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Gendered citizenship

DEC 12 -

After the interim order of the Supreme Court directing the Election Commission to exclude the names of those not holding proof of citizenship from the voter list, citizenship has, once again, become a hot topic in Nepal’s political arena. Though this article does not argue whether or not citizenship should be the major basis for voter registration, it does bring up another relevant issue of citizenship in Nepal: gender discrimination. 

Citizenship is the identity of a person that mediates an individual’s relationship with the country and vice versa. In the Nepali context, it is a pre-requisite to enter many aspects of social and economic life. The right to citizenship—the primary means of personal identification—is also a fundamental right of any individual. Apart from identification, citizenship is considered a gateway for individual entitlement of services and benefits to be provided by the state. Research conducted a few years back on the problems of citizenship in the Tarai (case studies were conducted in Morang and Sunsari), found that nearly two-thirds of the respondents (70 percent) had faced various problems due to lack of citizenship, especially when trying to attain higher education and scholarships, foreign employment, starting a business and holding property due to the lack of a citizenship certificate. And the issue of citizenship is not just a problem in the Tarai. Because men and women have different and unequal access to citizenship in Nepal, it is also gender biased.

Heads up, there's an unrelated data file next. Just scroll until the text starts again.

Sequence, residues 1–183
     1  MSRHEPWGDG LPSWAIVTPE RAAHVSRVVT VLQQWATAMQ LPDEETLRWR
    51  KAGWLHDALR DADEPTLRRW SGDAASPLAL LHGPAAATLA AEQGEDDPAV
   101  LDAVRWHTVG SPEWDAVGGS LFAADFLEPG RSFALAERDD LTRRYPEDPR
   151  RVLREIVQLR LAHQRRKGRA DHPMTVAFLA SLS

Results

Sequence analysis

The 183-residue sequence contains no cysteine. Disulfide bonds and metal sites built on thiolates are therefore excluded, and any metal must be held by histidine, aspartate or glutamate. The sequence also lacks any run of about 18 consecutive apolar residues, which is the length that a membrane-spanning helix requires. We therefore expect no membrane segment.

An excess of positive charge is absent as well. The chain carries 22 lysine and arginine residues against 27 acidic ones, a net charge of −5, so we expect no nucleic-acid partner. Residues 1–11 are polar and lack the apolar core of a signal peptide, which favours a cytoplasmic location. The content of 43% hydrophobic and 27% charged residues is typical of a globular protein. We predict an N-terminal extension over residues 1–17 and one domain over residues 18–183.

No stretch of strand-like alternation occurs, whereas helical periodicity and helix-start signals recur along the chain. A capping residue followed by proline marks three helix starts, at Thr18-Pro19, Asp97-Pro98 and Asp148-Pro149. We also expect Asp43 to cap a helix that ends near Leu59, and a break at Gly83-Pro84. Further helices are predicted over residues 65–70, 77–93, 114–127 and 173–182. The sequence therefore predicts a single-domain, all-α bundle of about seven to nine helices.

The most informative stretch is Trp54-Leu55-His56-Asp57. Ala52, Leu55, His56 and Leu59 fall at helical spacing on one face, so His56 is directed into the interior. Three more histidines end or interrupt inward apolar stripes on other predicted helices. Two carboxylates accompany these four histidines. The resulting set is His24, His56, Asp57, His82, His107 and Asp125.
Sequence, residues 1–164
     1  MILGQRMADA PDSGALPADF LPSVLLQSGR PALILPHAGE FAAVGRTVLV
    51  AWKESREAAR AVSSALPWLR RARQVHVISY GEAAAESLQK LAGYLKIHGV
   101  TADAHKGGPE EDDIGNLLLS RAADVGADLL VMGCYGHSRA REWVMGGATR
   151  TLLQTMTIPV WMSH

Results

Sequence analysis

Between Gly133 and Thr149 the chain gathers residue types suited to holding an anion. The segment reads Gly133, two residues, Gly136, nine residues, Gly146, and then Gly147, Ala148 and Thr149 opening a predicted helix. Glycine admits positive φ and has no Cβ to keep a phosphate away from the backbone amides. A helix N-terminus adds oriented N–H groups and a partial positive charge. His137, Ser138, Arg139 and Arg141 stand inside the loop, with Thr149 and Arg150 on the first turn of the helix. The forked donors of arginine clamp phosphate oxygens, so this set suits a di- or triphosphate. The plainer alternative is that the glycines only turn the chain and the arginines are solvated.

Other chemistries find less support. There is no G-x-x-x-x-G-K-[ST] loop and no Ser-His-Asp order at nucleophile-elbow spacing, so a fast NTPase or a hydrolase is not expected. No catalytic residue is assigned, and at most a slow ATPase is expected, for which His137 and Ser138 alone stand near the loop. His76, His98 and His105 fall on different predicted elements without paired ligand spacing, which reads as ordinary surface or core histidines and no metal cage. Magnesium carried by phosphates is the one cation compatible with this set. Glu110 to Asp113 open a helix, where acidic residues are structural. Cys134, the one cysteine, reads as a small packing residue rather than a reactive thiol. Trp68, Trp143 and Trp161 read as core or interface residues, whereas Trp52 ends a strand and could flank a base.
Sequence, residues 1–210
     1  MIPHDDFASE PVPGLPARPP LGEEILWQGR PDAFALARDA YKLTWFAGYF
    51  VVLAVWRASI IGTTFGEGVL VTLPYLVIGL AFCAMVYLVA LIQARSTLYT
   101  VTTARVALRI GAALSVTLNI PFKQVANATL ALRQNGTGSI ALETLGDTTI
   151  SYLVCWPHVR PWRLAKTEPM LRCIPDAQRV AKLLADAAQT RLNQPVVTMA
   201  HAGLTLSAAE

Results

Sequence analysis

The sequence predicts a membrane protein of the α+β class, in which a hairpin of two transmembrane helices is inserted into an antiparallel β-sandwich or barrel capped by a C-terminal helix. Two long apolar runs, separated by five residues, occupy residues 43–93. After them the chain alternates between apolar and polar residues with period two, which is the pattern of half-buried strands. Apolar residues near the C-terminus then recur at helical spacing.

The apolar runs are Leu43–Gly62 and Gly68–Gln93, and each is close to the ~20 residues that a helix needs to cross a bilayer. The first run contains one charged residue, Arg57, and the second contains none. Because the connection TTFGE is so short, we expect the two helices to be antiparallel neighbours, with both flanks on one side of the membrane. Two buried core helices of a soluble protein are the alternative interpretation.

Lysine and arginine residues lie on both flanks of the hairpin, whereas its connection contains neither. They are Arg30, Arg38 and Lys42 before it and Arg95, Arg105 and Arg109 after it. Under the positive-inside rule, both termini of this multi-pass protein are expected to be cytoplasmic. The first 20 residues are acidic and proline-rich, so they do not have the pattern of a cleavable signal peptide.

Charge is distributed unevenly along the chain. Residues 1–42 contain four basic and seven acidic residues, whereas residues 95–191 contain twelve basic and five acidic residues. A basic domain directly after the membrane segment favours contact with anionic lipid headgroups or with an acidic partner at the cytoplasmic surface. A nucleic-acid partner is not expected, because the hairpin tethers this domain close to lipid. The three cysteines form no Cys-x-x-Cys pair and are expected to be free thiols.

All the international human rights instruments including the Universal Declaration of Human Rights, 1948; International Covenant on Civil and Political Rights, 1966; Convention on Elimination of all Forms of Discrimination Against Women (CEDAW), 1979; and Convention on the Rights of the Child (CRC), 1989, have ensured the right to citizenship and strongly advocate for the elimination of any kind of discrimination in acquiring citizenship. However even since the enactment of the Citizenship Act in 2009, discrimination against women has still existed while granting citizenship. The Interim Constitution of Nepal, 2007, which was promulgated in the aftermath of historic People Movement-II, has also discriminated against women in this regard.

In the process of drafting a new constitution, the High-level Political Task Force (HPTF) constituted to resolve the differences contained in the reports of various thematic committees within the Constituent Assembly on Nov. 4, 2010. Various women’s rights organisations have expressed their serious concern over their decision. Women networks like Woman Alliance for Peace, Power, Democracy and Constituent Assembly (WAPPDCA), Shanti Malika and Women Security Pressure Group have recently cautioned the concerned agencies through the media stating that no gender discrimination will prevail in the new constitution while granting citizenship.